Hello and welcome to this Ethics Alert blog which will discuss the recent New York City Bar Association Ethics Opinion which warns lawyers about online contact with jurors (or the venire) while conducting research using social media. The opinion is NYCB Formal Opinion 2012-2, Jury Research and Social Media, Op. 2012-1 and the link is here: 2012 NYC Bar Social Media Ethics Opinion.
According to the opinion, “as the internet and social media have changed the ways in which we all communicate, conducting juror research while complying with the rule prohibiting juror communication has become more complicated.” The opinion states that, although lawyers are permitted to research potential and sitting jurors on Facebook and other social media sites, communications with jurors should be avoided and it is not always easy to anticipate whether a visit to a website will result in a communication.
The opinion states that it would be unethical for lawyers or the lawyer’s representatives to make juror friend requests and that improper communications may occur not only through “friend” requests, but also when the lawyer is aware that his or her review of the juror’s comments, pages or posts will be disclosed to the juror. In addition, a violation might occur even if the communication to the juror is inadvertent or unintended.
Although the opinion commented that the relevant NY Bar Rule (Rule 3.5 which is substantially similar to Florida Bar Rule 4-3.5) appears to prohibit even unintentional juror communication, it did not take a position on whether such an inadvertent communication would actually be a violation of the rule. According to the opinion, “(i)n the social media context, due to the nature of the services, unintentional communications with a member of the jury venire or the jury pose a particular risk….(f)or example, if an attorney views a juror’s social media page and the juror receives an automated message from the social media service that a potential contact has viewed her profile-even if the attorney has not requested the sending of that message or is entirely unaware of it-the attorney has arguably ‘communicated’ with the juror.”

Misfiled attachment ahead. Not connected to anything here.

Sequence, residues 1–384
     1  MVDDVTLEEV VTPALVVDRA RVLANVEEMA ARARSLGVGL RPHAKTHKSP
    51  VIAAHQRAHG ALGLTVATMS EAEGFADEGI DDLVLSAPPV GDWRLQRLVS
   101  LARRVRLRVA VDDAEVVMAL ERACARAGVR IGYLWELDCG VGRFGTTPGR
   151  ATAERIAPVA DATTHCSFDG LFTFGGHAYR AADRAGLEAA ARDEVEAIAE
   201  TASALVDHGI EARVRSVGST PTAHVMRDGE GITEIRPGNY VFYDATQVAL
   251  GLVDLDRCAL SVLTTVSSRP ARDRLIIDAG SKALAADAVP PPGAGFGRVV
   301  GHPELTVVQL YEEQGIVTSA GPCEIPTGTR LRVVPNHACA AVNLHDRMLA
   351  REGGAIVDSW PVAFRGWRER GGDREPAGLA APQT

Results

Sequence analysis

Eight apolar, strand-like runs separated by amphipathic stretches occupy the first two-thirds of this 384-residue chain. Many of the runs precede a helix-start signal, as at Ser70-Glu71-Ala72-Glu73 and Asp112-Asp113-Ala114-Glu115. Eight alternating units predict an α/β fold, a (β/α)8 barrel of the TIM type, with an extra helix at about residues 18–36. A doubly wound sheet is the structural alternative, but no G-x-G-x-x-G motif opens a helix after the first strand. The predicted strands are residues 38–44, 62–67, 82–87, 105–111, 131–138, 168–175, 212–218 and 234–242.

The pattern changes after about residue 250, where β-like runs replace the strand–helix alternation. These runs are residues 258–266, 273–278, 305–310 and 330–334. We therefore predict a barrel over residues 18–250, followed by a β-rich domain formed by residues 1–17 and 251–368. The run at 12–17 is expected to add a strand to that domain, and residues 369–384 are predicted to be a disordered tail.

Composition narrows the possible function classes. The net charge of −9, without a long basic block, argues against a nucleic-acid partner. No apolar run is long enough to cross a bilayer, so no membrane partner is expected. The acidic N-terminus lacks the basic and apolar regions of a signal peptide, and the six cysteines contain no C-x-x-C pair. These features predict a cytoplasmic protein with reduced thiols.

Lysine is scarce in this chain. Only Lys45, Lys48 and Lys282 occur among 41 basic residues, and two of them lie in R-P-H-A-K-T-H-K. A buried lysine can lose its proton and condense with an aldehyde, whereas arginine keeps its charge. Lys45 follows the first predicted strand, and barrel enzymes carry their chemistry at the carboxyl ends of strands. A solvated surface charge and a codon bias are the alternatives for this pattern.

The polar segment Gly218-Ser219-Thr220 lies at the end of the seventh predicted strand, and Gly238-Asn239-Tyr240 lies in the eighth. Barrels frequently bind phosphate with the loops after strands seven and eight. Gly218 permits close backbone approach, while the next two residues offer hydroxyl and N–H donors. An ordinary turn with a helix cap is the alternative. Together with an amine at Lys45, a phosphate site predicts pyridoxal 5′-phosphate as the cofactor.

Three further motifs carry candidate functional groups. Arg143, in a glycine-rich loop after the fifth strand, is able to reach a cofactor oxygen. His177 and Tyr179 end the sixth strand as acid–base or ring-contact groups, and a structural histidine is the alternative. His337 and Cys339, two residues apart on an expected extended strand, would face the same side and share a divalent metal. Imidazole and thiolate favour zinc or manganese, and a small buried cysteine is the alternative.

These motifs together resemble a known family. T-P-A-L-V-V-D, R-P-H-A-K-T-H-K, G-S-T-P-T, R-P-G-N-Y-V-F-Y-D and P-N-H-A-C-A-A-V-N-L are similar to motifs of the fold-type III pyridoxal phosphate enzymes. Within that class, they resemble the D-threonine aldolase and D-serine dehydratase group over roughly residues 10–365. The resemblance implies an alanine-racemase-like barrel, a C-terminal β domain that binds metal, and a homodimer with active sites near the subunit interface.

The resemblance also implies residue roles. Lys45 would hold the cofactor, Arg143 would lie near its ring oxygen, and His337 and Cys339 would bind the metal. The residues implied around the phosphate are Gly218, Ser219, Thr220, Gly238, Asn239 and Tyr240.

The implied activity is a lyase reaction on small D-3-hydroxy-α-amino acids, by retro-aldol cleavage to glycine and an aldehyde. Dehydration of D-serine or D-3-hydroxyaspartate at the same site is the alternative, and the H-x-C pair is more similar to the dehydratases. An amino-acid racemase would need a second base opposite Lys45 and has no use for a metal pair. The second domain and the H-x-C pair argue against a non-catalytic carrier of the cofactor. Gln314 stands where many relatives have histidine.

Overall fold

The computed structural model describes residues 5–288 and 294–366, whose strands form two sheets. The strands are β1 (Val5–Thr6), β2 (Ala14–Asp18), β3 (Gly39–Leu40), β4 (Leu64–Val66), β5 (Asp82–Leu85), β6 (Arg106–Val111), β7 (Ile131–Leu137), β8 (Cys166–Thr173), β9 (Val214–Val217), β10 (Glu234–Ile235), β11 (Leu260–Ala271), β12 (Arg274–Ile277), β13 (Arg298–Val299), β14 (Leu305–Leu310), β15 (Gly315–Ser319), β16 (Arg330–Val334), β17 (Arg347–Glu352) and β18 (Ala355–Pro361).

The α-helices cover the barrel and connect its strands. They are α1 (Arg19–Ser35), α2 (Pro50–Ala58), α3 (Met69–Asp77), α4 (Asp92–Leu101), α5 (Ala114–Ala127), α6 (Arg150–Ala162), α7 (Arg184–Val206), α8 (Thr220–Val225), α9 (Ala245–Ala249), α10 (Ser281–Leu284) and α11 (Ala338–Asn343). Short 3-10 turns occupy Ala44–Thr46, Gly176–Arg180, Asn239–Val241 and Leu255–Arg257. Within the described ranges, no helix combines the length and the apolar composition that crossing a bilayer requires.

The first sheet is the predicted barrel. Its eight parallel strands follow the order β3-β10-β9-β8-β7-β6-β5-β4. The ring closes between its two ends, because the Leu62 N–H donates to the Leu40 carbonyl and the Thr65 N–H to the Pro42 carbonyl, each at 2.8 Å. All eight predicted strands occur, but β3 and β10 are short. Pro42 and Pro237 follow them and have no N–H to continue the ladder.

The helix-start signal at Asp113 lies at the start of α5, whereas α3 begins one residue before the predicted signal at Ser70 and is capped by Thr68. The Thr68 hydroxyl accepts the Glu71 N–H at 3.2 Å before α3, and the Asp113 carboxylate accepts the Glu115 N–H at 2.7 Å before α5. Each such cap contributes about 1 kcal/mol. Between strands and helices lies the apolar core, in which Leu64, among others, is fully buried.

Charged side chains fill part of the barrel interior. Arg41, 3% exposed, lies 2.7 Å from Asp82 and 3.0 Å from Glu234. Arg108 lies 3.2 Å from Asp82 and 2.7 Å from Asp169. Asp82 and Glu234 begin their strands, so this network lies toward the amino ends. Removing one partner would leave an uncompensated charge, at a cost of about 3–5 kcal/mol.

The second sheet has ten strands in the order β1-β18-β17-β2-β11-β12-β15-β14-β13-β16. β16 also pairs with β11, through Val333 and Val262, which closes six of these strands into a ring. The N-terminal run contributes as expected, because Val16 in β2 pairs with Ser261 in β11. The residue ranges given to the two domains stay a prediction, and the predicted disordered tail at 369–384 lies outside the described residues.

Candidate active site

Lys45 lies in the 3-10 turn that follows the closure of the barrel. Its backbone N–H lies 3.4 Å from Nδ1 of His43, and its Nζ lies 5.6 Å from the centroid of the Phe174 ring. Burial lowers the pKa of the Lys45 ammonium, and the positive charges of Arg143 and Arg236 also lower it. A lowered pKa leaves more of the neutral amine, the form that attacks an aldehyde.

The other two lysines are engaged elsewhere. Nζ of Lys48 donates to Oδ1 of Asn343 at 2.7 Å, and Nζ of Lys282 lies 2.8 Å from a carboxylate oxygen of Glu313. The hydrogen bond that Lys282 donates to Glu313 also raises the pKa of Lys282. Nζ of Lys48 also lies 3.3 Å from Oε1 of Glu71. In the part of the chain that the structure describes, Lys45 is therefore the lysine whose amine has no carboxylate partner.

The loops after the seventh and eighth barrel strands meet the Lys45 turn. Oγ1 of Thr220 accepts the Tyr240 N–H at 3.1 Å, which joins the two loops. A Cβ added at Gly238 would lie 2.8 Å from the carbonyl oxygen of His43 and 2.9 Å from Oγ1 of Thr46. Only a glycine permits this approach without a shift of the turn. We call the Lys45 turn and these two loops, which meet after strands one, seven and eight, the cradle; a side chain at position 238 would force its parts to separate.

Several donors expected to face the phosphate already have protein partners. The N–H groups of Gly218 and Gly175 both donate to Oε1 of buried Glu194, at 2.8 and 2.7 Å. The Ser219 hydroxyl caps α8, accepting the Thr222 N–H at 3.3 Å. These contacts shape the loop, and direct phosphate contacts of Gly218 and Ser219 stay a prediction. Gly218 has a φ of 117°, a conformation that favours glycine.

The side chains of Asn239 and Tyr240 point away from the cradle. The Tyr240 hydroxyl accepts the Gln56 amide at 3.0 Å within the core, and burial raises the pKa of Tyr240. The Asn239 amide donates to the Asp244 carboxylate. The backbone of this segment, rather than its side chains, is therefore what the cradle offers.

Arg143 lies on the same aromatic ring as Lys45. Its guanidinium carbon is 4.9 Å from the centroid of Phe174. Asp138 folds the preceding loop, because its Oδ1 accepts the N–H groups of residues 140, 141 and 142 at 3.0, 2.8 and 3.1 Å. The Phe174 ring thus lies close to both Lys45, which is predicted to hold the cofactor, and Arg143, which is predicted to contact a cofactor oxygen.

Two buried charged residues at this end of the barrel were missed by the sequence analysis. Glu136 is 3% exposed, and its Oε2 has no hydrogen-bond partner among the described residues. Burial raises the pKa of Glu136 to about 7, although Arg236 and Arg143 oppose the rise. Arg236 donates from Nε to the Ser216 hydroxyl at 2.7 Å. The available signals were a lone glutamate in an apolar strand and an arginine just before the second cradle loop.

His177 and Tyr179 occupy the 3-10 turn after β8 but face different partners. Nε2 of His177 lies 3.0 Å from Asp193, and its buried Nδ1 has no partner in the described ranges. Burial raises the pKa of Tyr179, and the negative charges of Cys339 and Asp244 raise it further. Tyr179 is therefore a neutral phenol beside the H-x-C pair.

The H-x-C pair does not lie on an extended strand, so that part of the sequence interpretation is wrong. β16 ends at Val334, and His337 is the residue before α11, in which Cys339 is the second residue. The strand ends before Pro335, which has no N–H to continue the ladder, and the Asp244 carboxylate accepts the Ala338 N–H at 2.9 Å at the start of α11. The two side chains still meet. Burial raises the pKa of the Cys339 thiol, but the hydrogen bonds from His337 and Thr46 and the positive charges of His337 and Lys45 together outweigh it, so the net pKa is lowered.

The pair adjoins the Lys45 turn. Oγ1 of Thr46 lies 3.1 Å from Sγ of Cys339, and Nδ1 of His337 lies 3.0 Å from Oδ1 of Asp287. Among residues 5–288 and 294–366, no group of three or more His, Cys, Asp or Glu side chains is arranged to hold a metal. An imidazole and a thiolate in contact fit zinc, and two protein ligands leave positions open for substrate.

The opinion gives the following advice, “(i)t is incumbent upon the attorney to understand the functionality of any social media service (that the attorney) intends to use for juror research.” Further, “(i)f an attorney cannot ascertain the functionality of a website, the attorney must proceed with great caution in conducting research on that particular site, and should keep in mind the possibility that even an accidental, automated notice to the juror could be considered a violation.” In addition, any lawyer conducting online research who learns of juror misconduct is obligated to promptly notify the court.
Bottom line: As I have said before on numerous occasions, ethics opinions are not binding; however, good faith reliance by a lawyer on an ethics opinion (particularly if it is from the same jurisdiction) may constitute significant mitigation in later proceedings. Florida has no formal Ethics Opinion which addresses these issue. This opinion addresses a NY Bar Rule that is similar to Florida’s rule and states that the NY Bar rule appears to prohibit even inadvertent contact and also warns that such contact may occur if a juror is automatically notified that his or her profile or information have been accessed. While this position is commendable, it may go beyond the scope and intent of the rule prohibiting contact with jurors. Notwithstanding this observation, all lawyers should proceed with extreme caution when wading into the digital and social media world in the 21st century…
…be careful out there!
As always, if you have any questions about this Ethics Alert or need assistance, analysis, and guidance regarding these or any other ethics, risk management, or other issues, please do not hesitate to contact me.
THE LAW OFFICE OF JOSEPH A. CORSMEIER, P.A.
PROVIDES ETHICS ADVICE AND EXPERT OPINIONS TO LAWYERS AND LAW FIRMS
DEFENDS LAWYERS IN BAR MISSION AND DISCIPLINE CASES
(AND MUCH MORE!)